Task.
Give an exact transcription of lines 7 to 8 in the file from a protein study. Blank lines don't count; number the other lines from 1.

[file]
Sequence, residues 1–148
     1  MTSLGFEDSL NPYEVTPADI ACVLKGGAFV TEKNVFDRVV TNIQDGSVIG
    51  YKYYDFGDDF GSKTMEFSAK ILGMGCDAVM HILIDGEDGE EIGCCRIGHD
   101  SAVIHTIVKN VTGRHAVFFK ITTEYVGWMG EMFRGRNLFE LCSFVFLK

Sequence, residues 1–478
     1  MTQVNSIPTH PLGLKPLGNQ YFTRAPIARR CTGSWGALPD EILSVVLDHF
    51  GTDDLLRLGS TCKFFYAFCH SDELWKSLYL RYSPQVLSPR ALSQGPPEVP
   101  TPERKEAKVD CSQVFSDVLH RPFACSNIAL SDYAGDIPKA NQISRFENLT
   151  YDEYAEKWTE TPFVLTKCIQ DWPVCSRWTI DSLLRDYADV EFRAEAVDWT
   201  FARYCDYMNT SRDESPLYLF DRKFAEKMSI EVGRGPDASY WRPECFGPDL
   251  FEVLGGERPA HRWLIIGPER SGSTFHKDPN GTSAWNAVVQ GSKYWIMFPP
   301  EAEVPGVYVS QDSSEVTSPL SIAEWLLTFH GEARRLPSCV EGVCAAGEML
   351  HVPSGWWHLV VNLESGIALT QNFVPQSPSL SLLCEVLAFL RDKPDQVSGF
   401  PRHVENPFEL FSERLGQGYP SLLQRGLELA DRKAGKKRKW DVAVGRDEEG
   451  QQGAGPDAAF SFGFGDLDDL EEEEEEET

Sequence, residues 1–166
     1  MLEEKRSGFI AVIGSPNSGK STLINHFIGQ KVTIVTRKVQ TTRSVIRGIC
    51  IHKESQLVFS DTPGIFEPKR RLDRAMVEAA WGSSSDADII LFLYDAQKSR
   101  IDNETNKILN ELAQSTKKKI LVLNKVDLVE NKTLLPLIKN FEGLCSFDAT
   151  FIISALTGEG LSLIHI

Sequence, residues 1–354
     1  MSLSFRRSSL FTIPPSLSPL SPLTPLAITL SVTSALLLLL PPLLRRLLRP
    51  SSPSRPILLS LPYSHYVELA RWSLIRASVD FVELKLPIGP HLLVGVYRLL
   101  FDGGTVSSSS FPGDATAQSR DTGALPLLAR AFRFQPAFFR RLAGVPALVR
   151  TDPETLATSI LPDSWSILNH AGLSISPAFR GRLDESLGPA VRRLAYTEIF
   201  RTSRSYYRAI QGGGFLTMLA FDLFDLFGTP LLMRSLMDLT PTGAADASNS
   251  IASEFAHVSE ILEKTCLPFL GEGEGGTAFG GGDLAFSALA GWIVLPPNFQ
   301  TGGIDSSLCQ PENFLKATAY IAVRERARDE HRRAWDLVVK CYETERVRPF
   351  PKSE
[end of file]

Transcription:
    51  GTDDLLRLGS TCKFFYAFCH SDELWKSLYL RYSPQVLSPR ALSQGPPEVP
   101  TPERKEAKVD CSQVFSDVLH RPFACSNIAL SDYAGDIPKA NQISRFENLT